The microphone type used to record cough samples was not specified in the research papers[83][84]. Though, from [85] it is known that common devices such as personal computers (PC) and smartphones were used to record the crowdsourced cough samples. Modern PC and smartphones use variants of the condenser microphone, either Electret or MEMS microphones. It is known that the sound quality of microphones used in a smartphone is low[86]. Therefore, investing in a common external condenser microphone would be enough to recreate the measurement conditions of the paper[87]. The frequency response of the microphone is not crucial since the frequency range of the human voice is not large. The frequency spectrum of the human voice typically ranges from 300Hz to 3400Hz [88]. An example of a very common and cheap microphone would the Primo Desk Microphone from Trust. The Primo desk microphone has a frequency response is between 100-1200Hz which covers the audio band of the human voice. The price of the microphone is under 50 euros.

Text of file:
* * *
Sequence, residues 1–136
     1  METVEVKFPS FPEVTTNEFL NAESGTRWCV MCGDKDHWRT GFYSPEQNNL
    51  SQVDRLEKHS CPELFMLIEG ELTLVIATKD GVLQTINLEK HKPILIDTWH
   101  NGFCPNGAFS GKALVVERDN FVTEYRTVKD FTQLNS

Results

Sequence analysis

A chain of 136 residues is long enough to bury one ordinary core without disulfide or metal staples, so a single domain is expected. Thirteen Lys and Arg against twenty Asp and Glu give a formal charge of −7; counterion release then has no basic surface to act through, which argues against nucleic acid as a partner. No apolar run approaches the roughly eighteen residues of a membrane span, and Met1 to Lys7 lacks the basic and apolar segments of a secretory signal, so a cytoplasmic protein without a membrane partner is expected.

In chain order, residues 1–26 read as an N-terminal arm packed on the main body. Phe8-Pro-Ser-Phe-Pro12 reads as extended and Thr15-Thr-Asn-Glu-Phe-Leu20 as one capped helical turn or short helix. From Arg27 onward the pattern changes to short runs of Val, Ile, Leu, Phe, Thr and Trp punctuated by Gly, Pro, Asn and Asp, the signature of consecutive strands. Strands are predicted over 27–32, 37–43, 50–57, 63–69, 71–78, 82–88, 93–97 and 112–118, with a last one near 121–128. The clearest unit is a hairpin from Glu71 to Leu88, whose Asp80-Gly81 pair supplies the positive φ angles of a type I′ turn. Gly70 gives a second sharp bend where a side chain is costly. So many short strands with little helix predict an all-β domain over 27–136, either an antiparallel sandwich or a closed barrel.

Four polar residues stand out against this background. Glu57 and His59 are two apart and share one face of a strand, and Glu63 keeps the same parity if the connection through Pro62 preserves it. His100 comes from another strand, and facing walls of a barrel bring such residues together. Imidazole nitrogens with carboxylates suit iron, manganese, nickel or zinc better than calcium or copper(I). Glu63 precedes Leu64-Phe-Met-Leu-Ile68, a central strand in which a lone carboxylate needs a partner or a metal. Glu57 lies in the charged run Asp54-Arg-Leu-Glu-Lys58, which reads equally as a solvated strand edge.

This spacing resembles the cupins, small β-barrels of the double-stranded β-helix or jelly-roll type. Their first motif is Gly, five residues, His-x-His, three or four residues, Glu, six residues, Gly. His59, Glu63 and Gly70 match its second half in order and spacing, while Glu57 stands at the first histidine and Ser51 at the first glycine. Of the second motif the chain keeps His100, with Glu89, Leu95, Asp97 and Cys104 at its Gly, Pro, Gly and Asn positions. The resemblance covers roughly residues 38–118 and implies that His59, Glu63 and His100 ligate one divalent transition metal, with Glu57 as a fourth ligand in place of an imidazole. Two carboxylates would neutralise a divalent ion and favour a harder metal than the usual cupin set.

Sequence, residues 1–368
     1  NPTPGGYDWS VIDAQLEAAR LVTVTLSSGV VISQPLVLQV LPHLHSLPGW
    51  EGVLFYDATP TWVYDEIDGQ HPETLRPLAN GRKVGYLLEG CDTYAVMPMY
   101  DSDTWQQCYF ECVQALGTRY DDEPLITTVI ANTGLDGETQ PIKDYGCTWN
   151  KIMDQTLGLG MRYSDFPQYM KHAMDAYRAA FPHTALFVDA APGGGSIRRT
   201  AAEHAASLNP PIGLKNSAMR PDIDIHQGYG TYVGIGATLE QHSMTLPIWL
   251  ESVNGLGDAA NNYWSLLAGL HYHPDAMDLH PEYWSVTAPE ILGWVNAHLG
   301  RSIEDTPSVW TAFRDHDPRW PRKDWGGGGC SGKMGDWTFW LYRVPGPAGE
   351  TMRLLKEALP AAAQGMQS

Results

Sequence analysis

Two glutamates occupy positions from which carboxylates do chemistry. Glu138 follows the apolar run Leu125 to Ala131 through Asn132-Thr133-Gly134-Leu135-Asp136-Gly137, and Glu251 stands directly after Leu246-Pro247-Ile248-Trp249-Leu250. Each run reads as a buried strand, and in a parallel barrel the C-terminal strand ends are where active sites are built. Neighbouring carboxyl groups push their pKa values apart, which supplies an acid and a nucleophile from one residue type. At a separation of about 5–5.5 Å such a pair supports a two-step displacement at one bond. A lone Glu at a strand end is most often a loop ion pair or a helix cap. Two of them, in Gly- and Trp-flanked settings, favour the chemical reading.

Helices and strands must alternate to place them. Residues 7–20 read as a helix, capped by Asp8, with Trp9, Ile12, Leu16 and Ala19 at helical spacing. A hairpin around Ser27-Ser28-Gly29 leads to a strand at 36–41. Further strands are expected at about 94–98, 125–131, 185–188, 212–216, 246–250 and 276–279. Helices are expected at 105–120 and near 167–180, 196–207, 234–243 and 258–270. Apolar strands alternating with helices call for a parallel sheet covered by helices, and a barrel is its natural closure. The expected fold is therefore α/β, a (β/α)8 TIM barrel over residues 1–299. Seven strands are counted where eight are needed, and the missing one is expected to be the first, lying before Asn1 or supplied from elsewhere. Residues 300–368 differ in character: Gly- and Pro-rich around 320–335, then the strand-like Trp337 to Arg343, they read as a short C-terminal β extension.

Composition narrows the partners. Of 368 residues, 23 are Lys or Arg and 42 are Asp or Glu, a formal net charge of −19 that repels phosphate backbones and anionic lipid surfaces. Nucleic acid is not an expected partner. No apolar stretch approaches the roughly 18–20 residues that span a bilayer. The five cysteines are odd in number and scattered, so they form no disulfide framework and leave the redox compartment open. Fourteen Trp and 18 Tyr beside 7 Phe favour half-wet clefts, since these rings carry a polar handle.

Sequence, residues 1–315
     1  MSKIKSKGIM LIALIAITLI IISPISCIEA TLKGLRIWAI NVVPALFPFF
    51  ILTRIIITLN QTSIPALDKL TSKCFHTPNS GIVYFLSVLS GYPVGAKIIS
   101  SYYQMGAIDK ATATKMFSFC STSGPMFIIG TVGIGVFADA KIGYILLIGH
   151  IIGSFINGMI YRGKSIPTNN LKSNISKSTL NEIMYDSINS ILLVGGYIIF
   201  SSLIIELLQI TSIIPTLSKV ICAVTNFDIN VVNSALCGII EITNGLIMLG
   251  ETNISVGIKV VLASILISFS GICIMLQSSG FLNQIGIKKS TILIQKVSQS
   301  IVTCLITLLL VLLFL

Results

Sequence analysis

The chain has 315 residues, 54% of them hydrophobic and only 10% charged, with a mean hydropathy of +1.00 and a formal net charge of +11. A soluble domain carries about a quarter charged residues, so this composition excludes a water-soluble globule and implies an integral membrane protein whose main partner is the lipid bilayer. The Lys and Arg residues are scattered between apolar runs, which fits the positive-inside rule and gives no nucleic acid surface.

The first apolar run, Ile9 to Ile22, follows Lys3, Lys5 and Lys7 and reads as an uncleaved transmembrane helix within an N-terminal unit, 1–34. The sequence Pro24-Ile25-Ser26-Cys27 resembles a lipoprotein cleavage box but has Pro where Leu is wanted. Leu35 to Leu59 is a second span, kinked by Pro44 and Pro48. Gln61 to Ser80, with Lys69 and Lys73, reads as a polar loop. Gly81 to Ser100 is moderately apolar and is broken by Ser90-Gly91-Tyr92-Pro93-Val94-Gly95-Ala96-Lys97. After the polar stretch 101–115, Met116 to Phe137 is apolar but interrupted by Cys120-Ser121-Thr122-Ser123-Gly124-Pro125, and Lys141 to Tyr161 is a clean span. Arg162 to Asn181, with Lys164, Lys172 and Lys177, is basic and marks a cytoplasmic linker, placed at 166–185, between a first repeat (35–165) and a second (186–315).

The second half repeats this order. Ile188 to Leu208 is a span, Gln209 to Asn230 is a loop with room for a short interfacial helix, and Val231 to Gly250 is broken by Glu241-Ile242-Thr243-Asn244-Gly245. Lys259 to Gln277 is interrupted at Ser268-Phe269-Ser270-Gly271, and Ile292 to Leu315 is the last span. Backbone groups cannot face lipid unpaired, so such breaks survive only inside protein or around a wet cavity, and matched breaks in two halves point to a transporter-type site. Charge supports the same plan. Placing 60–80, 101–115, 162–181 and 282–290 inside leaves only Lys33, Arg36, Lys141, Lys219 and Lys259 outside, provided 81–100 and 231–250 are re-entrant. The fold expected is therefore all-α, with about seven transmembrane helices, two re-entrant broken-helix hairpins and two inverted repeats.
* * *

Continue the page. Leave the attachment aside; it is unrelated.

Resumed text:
For the operation of the system two monitors are required. The first monitor is required at the computer operated by the security personnel. While the second monitor is required inside the cabin to display the test instructions and results to the person using the cabin. There are only two requirements for the monitors: the minimum display resolution and the maximum size. The minimum required display resolution is of 1024x768 pixels. The resolution is required by a software which operates the two connected cameras (both the visual camera of the acoustic pole and the thermal camera of the cabin). The maximum size of monitor mounted inside of the cabin is a 42-inch monitor. A larger monitor would not fit inside the measurement cabin. Virtually any modern monitor could satisfy these requirements. Only optional features and available budget can hinder the decision-making process. An example of a cheap commercially available monitor would be the EK240YABI by ACER. The monitor meets all the requirements. The display resolution is of 1920x1080 pixels which is higher than the minimum requirement. The ACER EK240YABI is a 24-inch monitor. Indeed, the monitor is smaller. But because of the small distances in the cabin a smaller monitor does not drastically affect the legibility of the output messages. The selected size of the monitor should still be large enough to display the test instructions and results.